The publication of the Cory reports on British Crown force collusion with paramilitaries could be further delayed by legal injunctions.

The High Court in Belfast heard yesterday that the reports by retired Canadian Judge Peter Cory would be published by the end of the month.

There had been speculation that a censored version of the reports might be released after the families of four murder victims took the British government to court once again to establish why it has failed to publish the reports.

The eventual publication of the Cory reports killings will be ``light years away'' from what was promised, Sinn Féin has warned.

Judge Cory has already told the families that he has recommended that public inquiries be set up into the killings. The British government has reneged on a commitment in negotiations to act on the reports.

British officials said yesterday that all those named in the reports would be given access to the findings of retired Canadian Judge Peter Cory at least 24 hours before they were published.

In relation to the murder of Belfast defence lawyer Pat Finucane, that will include prior access being given to members of the British army's murderous Force Research Unit, the PSNI Special Branch and the UDA gunmen involved in the February 1989 killing.

This could lead to court injunctions preventing publication by those named.

It is understood that Belfast loyalist Ken Barrett, who is awaiting trial for Mr Finucane's murder, will also be given prior access to the report.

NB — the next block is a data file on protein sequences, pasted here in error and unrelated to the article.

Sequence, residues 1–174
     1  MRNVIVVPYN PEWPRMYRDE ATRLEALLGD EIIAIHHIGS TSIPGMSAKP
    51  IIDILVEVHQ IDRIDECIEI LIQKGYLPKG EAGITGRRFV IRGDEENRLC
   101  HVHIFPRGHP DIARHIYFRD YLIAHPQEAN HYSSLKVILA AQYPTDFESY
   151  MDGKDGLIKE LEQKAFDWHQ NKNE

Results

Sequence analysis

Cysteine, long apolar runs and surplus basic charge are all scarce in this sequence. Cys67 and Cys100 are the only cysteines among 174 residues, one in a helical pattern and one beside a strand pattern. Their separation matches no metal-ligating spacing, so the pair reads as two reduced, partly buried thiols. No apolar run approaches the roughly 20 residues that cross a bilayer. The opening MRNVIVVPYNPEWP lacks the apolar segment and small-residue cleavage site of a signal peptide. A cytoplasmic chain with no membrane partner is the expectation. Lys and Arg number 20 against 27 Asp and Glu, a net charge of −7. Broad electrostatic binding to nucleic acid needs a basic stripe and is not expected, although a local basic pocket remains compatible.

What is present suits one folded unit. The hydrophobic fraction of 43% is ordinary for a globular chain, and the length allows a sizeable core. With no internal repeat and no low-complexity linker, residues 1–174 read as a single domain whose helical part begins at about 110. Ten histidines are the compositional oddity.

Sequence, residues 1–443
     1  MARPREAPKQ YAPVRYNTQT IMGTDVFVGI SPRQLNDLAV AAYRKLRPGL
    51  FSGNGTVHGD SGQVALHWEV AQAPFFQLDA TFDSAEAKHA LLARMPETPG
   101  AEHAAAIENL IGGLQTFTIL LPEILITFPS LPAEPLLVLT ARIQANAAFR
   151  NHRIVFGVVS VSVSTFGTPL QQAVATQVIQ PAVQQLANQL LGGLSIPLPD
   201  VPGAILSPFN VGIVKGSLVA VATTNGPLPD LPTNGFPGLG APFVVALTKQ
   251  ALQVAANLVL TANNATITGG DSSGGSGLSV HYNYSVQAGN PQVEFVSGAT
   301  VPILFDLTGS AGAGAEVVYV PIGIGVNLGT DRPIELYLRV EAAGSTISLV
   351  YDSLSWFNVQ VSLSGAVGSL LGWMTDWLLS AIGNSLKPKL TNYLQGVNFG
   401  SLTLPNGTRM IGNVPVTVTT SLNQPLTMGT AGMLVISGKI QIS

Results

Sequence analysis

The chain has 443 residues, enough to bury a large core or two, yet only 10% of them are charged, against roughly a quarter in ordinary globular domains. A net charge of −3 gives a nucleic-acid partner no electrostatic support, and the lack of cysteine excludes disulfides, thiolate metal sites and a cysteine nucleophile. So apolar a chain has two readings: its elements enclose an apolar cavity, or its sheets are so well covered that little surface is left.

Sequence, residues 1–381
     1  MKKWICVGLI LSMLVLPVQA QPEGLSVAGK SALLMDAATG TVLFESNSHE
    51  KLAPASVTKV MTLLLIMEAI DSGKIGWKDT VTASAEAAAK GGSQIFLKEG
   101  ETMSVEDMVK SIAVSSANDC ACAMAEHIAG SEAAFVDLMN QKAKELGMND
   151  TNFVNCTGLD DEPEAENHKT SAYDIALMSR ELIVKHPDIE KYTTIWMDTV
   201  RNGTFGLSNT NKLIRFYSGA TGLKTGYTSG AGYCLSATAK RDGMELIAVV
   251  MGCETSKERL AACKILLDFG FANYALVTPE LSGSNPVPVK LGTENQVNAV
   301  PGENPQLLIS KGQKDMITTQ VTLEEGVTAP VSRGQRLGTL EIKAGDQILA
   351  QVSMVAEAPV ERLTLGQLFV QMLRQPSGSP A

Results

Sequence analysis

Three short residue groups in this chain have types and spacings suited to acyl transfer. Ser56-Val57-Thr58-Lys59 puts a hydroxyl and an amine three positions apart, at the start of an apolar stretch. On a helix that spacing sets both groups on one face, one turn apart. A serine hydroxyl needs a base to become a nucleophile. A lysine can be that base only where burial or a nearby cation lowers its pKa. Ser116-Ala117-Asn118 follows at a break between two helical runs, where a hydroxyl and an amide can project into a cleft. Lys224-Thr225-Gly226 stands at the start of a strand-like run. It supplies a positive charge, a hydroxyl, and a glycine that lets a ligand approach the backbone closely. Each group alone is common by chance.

The British government has refused to publish the reports since October, citing alleged legal and national security implications. The Irish government has already published two reports in connection with Garda police in the 26 Counties, and has followed the recommendations for one inquiry.

In court Seamus Treacey QC questioned the decision to allow prior access to those named.

``It is difficult to understand how the court is being told the government is being very careful to minimise the chances of a challenge but also providing the report to those individuals who might challenge it. It is a rather curious contradiction,'' he said.

On Thursday British Direct Ruler Paul Murphy sent letters to the Finucane, Wright, Hamill and Nelson families telling them that they would have to sign confidentiality agreements before having access to the reports.

Mr Finucane's brother Martin last night challenged the British government to state whether any parts of Judge Cory's findings would be deleted from the final reports. But there was no response on the matter.

Meanwhile, he judicial review hearing by the four families is to proceed on April 2, during the Easter legal vacation.

Justice Gillen agreed with the Crown's legal team that ``justice would be better served'' if he had an opportunity to read the reports.

But he added that he was taking the unusual step on an Easter hearing because of the urgency and importance of the case.

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